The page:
Using local administrativedata
to evaluate social and community
John Eversley and Les Mayhew
This book argues that an analysis of social cohesion needs to focus
on whether people from different backgrounds have similar life
opportunities as well as assessing interaction, interdependence and
conflicts of interests of people from different backgrounds. Whatever
the vision of a cohesive society is, there are important questions to
answer about where we stand now, and how we can measure change.
This chapter focuses on the
The creation and use of big
Harvey Goldstein and Ruth Gilbert
Despite being ugly and uninformative, the term ‘big data’ has entered
the language of science as well as that of the media. The meaning of
‘big’ data is explored in the introduction to this book. This chapter
focuses on administrativedata, meaning data related to services such
as health and education, which are attached to individual people and
are generated through the administration of services in the public or
private sector. We are especially concerned
Administrativedata offered Women’s Aid a timely and ethical approach to understanding the impact of the COVID-19 pandemic with minimal impact on survivors or the services that support them.
The nature of administrativedata creates unique challenges for researchers as well as opportunities for relevant, impactful research.
More resources, collaboration and research are needed to understand administrativedata sources held by NGOs.
Administrativedata are collected through routine operations rather than originating for
think about whether the powerful combination of survey and administrative register data that is readily available in the Nordic countries might help them to advance our knowledge about the possible benefits of volunteering.
• Connelly and colleagues (2016) provide a timely discussion of the role of administrativedata in social science research and put its use into perspective by comparing it to other types of big data.
• A detailed introduction to Danish administrative registers on health and social issues is available, thanks to Thygesen
change in these odds over time. Individuals with higher childhood SES, higher childhood cognitive ability, and more education may be more likely to be economically active in later life (age 55), but may also be more resilient to declines in working ability as age increases. Importantly, we did not assume that the factors predicting economic activity odds at age 55 would be the same as those predicting change in odds over time. To achieve this, we utilised recent linkage of administrativedata between the Scottish Mental Survey 1947 and the Scottish Longitudinal Study
Statistical data and evidence-based claims are increasingly central to our everyday lives. Critically examining ‘Big Data’, this book charts the recent explosion in sources of data, including those precipitated by global developments and technological change. It sets out changes and controversies related to data harvesting and construction, dissemination and data analytics by a range of private, governmental and social organisations in multiple settings.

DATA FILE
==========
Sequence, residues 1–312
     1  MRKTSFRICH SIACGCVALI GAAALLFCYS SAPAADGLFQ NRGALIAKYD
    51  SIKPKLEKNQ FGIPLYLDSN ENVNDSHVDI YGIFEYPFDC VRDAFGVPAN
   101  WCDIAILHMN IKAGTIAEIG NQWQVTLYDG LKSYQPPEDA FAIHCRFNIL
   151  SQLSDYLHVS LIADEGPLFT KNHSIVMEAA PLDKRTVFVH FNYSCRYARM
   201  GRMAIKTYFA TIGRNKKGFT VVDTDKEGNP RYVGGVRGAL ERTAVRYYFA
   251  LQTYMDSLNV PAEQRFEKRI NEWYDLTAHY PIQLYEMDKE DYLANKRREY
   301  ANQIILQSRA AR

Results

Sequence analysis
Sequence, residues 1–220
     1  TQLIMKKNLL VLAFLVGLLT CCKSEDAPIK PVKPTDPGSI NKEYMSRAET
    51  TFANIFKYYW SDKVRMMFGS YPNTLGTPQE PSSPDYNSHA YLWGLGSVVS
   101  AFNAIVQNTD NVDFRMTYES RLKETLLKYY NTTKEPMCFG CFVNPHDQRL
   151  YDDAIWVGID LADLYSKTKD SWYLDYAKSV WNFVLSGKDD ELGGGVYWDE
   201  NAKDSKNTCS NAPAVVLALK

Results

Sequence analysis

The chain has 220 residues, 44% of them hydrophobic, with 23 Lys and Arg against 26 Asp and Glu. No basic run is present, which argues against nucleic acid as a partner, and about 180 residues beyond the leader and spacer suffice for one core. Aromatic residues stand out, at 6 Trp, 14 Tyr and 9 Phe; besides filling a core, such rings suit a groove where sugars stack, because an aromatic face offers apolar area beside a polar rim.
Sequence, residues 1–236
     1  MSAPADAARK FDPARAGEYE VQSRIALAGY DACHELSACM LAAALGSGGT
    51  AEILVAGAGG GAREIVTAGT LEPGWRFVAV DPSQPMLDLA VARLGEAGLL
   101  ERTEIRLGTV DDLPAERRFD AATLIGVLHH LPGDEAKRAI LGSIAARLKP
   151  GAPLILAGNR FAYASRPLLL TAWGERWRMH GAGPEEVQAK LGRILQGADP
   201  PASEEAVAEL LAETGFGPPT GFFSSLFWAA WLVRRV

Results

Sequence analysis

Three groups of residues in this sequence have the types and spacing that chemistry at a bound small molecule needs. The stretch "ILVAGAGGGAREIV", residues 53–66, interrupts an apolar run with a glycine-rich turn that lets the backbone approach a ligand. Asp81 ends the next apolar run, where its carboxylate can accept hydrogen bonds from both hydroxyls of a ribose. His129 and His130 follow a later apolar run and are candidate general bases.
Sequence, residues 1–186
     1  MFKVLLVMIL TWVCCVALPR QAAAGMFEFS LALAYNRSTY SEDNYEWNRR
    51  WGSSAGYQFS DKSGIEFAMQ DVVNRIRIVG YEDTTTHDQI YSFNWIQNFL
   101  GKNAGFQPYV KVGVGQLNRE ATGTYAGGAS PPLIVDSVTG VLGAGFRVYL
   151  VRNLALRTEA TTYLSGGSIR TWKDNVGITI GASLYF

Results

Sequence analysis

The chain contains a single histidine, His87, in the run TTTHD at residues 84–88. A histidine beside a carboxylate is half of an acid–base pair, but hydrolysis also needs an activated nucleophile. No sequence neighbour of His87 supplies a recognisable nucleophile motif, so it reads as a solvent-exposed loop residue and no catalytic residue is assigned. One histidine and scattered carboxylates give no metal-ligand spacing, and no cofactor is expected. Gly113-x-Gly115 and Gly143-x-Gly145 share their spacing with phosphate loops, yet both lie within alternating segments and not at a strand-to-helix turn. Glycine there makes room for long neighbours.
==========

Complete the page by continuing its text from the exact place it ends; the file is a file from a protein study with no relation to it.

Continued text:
Analysing the power of data to shape political debate, the presentation of ideas to us by the media, and issues surrounding data ownership and access, the authors suggest how data can be used to uncover injustices and to advance social progress.
The extent of violence against women is currently hidden. How should violence be measured? How should research and new ways of thinking about violence improve its measurement? Could improved measurement change policy?
The book is a guide to how the measurement of violence can be best achieved. It shows how to make femicide, rape, domestic violence, and FGM visible in official statistics. It offers practical guidance on definitions, indicators and coordination mechanisms. It reflects on theoretical debates on ‘what is gender’, ‘what is violence’, and ‘the concept of coercive control’. and introduces the concept of ‘gender saturated context’. Analysing the socially constructed nature of statistics and the links between knowledge and power, it sets new standards and guidelines to influence the measurement of violence in the coming decades.
This book makes a forthright case for a shift in policy focus from ‘community cohesion’ to the broader notion of social cohesion, and is distinctive and innovative in its focus on evaluation. It constitutes an extremely valuable source both for practitioners involved in social cohesion interventions and for researchers and students studying theory-based evaluation and the policy areas highlighted (housing, intergenerational issues, the recession, education, communications, community development).
The first book of its kind, this volume brings together a range of experts to review key methodological issues in the study of voluntary action, charitable behaviour and participation in voluntary organisations.
Using case studies from around the world – from ethnography to media analysis and surveys to peer research – chapters illustrate the challenges of researching altruistic actions and our conceptualisations of them. Across different fields and methods, authors unpick the methodological innovations and challenges in their own research to help guide future study.
Demystifying research and deepening our ability to understand the role of the third sector, this accessible book is suitable for social researchers at all levels.